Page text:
I come back to an old piece of advise I once read, it is on the theory that poker is based around good decisions and bad decisions and nothing else.

Now, expanding that idea - each time you make any decision (call, fold, raise, shove) think about what you're trying to achieve. The reason a lot of fish flat-call draws without any odds (pot or implied) is because they aren't thinking about long-term EV or what they are trying to achieve.. they are simply playing to a hand.

Each time you make a move, think about why you are doing it. Are you shoving your FD because you think there's a reasonable chance they'll fold ? (lots of fold equity). If you're calling a small pp pre-flop (set-mining) why are you doing it? Does your opponent even have enough big blinds left to make your call profitable in the long run ? Do you think you're likely to stack your opponent if you do make your hand?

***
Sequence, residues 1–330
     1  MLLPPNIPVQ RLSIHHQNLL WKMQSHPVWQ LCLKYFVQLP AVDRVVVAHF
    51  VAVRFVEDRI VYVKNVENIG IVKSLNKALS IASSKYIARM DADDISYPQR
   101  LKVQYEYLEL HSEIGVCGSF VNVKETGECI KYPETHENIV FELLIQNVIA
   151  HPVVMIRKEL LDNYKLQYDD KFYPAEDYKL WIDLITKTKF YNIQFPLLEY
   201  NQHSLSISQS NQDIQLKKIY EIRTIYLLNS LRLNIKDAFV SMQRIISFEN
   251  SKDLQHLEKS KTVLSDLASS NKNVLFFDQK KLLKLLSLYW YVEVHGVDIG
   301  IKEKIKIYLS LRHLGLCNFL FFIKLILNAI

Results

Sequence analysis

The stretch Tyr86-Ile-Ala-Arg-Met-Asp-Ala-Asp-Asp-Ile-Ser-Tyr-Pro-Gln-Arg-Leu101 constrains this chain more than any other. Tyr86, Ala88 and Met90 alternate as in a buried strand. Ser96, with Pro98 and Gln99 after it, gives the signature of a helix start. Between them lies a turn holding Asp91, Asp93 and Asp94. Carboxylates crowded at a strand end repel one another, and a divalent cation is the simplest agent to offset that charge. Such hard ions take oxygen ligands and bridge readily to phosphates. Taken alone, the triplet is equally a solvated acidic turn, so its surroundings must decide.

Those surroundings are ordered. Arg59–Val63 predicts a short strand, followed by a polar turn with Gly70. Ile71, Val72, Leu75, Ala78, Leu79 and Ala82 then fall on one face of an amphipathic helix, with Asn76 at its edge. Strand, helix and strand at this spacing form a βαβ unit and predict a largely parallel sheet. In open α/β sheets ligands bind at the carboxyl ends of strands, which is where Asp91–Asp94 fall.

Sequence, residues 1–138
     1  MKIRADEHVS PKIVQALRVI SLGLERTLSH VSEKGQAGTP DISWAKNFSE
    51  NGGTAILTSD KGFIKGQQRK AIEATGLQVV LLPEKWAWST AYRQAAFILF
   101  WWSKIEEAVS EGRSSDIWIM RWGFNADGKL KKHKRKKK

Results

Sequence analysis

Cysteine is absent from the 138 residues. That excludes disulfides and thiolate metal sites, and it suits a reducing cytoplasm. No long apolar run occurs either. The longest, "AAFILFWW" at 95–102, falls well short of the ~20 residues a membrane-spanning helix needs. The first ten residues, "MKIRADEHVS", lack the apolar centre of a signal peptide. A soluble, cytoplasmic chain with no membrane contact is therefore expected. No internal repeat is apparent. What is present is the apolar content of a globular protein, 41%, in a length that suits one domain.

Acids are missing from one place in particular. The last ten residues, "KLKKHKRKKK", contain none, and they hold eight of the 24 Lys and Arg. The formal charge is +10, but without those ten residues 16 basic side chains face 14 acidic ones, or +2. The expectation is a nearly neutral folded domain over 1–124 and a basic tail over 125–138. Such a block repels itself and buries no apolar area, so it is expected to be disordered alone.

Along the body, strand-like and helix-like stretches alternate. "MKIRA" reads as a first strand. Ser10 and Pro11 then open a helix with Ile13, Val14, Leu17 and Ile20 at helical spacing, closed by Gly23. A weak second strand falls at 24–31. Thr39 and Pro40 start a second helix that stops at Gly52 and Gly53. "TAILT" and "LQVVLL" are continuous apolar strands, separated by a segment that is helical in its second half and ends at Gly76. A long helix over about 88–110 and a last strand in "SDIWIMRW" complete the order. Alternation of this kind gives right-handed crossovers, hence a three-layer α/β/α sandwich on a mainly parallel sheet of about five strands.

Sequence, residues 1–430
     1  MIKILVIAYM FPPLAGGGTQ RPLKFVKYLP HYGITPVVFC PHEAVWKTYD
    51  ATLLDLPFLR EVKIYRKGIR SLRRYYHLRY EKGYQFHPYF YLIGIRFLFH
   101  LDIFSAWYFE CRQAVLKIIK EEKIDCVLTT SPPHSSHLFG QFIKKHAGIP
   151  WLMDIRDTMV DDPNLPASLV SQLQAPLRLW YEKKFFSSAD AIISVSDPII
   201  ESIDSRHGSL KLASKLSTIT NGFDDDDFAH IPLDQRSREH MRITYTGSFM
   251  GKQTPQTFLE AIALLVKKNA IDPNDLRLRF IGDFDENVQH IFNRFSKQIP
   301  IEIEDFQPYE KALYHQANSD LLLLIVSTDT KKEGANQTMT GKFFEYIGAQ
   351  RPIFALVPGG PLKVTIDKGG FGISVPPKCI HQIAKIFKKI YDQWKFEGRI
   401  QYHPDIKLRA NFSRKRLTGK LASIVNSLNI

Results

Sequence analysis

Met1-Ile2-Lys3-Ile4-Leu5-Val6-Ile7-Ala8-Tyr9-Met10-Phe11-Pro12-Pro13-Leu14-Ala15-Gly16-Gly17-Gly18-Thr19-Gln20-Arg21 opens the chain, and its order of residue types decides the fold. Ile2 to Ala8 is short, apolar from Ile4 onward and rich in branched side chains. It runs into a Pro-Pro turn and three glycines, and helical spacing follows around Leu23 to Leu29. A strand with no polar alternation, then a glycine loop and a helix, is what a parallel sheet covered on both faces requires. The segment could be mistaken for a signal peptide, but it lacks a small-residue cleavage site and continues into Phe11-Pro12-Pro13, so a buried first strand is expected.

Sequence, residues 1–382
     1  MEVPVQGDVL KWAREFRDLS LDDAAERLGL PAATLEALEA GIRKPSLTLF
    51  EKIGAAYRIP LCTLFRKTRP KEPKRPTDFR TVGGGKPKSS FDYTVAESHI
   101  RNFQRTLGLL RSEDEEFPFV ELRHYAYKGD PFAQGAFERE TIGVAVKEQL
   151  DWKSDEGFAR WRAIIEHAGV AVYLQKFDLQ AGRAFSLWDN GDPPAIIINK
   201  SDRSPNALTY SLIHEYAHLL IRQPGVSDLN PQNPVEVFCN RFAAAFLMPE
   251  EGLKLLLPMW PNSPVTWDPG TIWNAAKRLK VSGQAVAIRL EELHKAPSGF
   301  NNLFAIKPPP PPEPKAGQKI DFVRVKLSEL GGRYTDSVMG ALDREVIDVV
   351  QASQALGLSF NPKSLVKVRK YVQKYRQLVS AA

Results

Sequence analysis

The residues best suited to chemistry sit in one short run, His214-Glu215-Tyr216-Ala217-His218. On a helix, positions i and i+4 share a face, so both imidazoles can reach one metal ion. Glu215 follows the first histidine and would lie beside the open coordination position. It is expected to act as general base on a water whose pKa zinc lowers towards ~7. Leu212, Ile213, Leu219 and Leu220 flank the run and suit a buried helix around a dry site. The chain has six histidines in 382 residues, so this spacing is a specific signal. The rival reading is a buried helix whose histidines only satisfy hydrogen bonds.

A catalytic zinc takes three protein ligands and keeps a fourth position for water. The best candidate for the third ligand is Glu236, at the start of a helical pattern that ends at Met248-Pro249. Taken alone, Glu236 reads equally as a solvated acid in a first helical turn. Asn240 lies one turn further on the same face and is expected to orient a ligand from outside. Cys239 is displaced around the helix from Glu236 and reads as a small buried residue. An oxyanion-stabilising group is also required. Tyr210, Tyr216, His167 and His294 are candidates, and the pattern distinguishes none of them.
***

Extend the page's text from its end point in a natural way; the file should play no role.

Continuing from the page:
I think it's the single best bit of advise, regarding good & bad decisions : simply think about what you are trying to achieve and what makes that the BEST decision you can make. Be rational - NOT emotional. And use maths - remember to take not of not just what's in the pot - but what the likely action is at later streets - and very importantly - how much of a stack the villain still has left behind - remember - implied odds diminish along with your opponents stack - there's no point chasing sets, flushes, straights, etc - if your opponent is short stacked - because you literally can't be paid off enough to make it long term EV.

     
  23-Nov-10, 02:42   #15
  0 
noynoy 
Joined: Sep '10
Location: Philippines
Age: 31 (M)
Posts: 29